J. L. BELL is a Massachusetts writer who specializes in (among other things) the start of the American Revolution in and around Boston. He is particularly interested in the experiences of children in 1765-75. He has published scholarly papers and popular articles for both children and adults. He was consultant for an episode of History Detectives, and contributed to a display at Minute Man National Historic Park.

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Wednesday, December 07, 2016

“Capt. Ingersoll was tried by a Court Martial”

In 1766, at the age of thirty-one, Peter Ingersoll opened a tavern and inn in Great Barrington, Massachusetts. (It still exists in greatly expanded form as a bed-and-breakfast called the Wainwright Inn, shown here.) He was from one of the town’s leading families, though not from one of its leading branches.

In 1775, Ingersoll was one of the town’s militia captains. News of the fighting at Lexington and Concord reached Berkshire County on 21 April. Ingersoll and his men assembled, and they marched east five days later. When Massachusetts organized an army for service to the end of the year, Ingersoll and many of the men signed on as part of Col. David Brewer’s regiment.

That regiment ran into problems in the fall. Col. Brewer was tried by court-martial and dismissed on 23 Oct 1775 for insisting that his son, also named David, be ranked and paid as a lieutenant. Such nepotism wasn’t uncommon, but in this case David Brewer, Jr., was back home in Berkshire County while his father was still collecting his pay. So that left the regiment leaderless, and perhaps resentful.

In early December, Capt. Ingersoll was brought up before another court martial—apparently at the regimental level since it’s not mentioned in Gen. George Washington’s general orders. Lt. Gamaliel Whiting of Great Barrington wrote in his diary, transcribed in Charles J. Taylor’s History of Great Barrington: “Dec. 4. Peter Ingersoll try’d by Court Marsh’ll.”

A more detailed account, and a different date, appear in the diary of Pvt. Samuel Bixby:
Dec. 7th, 1775. Thurs: Capt. Ingersoll was tried by a Court Martial for spreading false reports about the Country, tending to defame the General. He was fined £8, and dismissed the service. —

8th. Friday. The same Court fined one man £8.7s., and sentenced him to two years imprisonment in the New Gate Prison in Simsbury [Connecticut], for stealing & deserting; and another man, John Smith, for similar offences, was fined £8, and sentenced to six months at Newgate.
A third diarist, Sgt. Henry Bedinger of Virginia, also recorded court-martial verdicts on 7-9 December, overlapping with Bixby’s account, but not exactly. (He wrote that one man was named John Short.) So it’s not clear whose diary is most reliable. Yet it does seem significant that Bedinger didn’t mention Ingersoll’s case, nor have I found references to it elsewhere. Mike Sheehan was kind enough to look for the captain’s name in Summer Soldiers, James C. Neagles’s listing of more than 3,000 courts-martial in Continental Army records, and it’s not there. So was this proceeding deliberately kept quiet?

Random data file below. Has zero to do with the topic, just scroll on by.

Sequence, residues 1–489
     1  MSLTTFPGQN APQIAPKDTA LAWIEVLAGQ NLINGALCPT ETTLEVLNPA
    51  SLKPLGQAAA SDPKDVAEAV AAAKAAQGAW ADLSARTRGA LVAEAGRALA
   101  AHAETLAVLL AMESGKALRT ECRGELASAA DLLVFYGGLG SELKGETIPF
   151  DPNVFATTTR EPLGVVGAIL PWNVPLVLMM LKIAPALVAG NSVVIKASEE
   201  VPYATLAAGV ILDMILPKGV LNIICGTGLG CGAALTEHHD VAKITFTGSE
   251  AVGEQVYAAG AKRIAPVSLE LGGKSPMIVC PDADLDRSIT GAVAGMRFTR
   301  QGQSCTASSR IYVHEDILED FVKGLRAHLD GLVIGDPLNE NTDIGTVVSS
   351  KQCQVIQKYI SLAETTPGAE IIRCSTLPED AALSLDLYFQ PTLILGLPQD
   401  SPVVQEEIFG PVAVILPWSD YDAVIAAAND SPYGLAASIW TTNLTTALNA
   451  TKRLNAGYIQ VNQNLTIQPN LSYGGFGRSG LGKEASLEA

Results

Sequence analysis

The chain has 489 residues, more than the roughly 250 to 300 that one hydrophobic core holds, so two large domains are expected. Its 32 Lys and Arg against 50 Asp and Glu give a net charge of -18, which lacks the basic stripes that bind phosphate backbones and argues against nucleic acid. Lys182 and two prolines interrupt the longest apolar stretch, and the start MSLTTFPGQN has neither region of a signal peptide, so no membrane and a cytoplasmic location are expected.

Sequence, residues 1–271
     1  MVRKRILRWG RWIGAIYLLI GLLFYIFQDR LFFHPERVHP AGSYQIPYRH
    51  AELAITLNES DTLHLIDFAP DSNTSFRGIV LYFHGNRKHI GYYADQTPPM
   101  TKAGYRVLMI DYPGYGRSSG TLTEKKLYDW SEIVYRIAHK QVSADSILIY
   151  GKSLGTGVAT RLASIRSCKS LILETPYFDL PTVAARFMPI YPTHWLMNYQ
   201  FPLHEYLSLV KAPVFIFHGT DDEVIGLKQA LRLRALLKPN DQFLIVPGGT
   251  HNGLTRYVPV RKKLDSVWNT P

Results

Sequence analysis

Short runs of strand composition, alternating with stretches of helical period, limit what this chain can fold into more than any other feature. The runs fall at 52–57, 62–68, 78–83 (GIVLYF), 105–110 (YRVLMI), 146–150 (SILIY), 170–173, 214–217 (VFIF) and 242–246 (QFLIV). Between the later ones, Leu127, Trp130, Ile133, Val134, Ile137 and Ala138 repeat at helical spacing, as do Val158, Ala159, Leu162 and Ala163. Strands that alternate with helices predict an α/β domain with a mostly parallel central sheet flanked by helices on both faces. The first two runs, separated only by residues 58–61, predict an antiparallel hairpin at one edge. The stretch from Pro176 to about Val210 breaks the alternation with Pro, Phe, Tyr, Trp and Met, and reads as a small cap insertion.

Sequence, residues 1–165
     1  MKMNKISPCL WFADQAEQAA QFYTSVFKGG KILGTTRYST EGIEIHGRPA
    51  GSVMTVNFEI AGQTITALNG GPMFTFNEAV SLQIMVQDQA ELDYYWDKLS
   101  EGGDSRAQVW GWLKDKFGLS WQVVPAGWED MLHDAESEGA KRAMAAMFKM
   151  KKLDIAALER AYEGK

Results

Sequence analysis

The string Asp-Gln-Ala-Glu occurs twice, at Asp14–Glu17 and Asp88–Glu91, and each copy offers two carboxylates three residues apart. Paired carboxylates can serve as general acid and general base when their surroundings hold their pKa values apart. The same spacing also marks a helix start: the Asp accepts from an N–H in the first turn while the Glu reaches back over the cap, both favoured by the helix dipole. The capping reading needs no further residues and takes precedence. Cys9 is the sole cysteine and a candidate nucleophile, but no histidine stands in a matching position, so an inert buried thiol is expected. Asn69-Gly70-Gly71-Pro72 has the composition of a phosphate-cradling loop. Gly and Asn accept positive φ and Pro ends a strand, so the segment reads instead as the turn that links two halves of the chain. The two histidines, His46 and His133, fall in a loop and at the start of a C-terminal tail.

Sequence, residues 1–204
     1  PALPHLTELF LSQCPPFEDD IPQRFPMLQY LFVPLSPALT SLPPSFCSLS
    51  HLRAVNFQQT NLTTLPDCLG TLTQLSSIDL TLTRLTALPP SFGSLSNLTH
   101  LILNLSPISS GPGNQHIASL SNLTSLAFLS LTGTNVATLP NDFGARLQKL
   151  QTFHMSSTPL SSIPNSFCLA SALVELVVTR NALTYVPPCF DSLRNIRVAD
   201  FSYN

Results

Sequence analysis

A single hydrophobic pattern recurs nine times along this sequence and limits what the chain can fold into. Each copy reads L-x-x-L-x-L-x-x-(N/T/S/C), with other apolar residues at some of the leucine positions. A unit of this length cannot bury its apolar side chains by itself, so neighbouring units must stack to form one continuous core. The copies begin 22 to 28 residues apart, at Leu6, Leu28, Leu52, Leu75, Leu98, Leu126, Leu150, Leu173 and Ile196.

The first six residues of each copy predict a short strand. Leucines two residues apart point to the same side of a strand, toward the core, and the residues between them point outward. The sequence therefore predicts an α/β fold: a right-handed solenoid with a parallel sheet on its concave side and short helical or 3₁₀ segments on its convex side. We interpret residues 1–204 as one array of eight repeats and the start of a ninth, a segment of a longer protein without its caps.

Perhaps manuscript records of this proceeding survive in some unexpected archive. They could offer details of what “false reports” Ingersoll spread and how they tended to “defame the General”—namely Washington. Was the tavern-keeper frustrated by the slow pace of the siege? Angry about Brewer’s dismissal? Pessimistic about the Patriot cause?

Whatever the details, Ingersoll went home to Great Barrington, probably in a huff. He went away without filing the paperwork the state would need to pay his men. Since it was already December, and people’s enlistments were up at the end of the year, his early return might not have been that conspicuous. (After all, David Brewer, Jr., had come back much earlier.)

Still, word got around town. The next March, after one of Great Barrington’s militia companies narrowly elected Ingersoll their captain, some men complained. New colonel Mark Hopkins described the problem to the Massachusetts Council:
a large number of the soldiers appear to be very uneasy with the officers elected. Those of the South Company say that Captain Peter Ingersoll was broke last fall by the sentence of a Court-Martial in the Continental Army, and was then declared incapable of sustaining any office in the Continental service.
By July, Ingersoll was out of Hopkins’s regiment and in another, still a captain. But I don’t know how long that lasted. Ingersoll died in 1785.

Local histories—even the one that quoted a neighbor and fellow officer saying he went before a “Court Marsh’ll”—treat Capt. Peter Ingersoll as an admirable contributor to the American cause. They say nothing about how he was cashiered for defaming Gen. Washington.

TOMORROW: Trouble in the Berkshire County militia.

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